Two human rights groups have criticised plans to increase the time terror suspects can be held without charge.
Jack Straw said the government was not acting for "macho reasons"
In separate reports, Amnesty International UK and Justice say there is no justification for extending the current 28-day time limit.
Ministers say increasingly complex plots mean a change is needed and are thought to be drawing up safeguards to allow detention of up to 56 days.
Amnesty said any extension would harm relations with the Muslim community.
In a list of 10 points, the Amnesty report also says any extension would undermine basic human rights and devastate the lives of those detained.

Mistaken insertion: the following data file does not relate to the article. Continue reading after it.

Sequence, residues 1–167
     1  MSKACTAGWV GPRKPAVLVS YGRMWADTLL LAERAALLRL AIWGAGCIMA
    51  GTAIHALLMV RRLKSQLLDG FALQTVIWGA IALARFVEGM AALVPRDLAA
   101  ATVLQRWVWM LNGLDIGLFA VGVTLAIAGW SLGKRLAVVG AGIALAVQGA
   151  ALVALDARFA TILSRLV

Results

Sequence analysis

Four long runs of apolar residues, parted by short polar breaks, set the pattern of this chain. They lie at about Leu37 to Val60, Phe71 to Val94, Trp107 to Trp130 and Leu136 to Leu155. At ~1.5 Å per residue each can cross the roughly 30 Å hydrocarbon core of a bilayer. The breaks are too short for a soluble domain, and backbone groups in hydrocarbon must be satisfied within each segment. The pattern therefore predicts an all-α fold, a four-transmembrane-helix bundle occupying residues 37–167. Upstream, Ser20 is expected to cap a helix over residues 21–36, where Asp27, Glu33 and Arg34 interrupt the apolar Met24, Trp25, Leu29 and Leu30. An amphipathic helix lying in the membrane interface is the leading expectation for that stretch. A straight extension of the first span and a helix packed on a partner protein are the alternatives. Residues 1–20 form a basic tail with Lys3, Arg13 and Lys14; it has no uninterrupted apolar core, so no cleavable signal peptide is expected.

Kate Allen, the group's director, said that locking up suspects for two months without charge was "no way for a liberal democracy to act".
"Extremists want to undermine our liberties and terrorism shows no respect for human rights," she said.
"The government needs to step up and show a principled opposition to terrorism, not take away peoples' rights."
Justice argues that in 10 high-profile terrorism cases in the US over the past five years, charges were laid within 48 hours of a suspect being detained.
These included plots to destroy Sears Tower and Brooklyn Bridge, it adds.
Eric Metcalfe, Justice's director of human rights policy and the author of its report, said: "If the FBI can charge a terror suspect in 48 hours, why do UK police need more than 28 days?"
Shadow home secretary David Davis said the Justice report "drives a coach and horses through government claims that we need an extension of the period of detention".
But Justice Secretary Jack Straw said any extension of the 28-day limit would be "very proportionate".
He told BBC One's Andrew Marr show: "We are not doing this for macho reasons, we are doing this because of the scale of the threat as we anticipate it."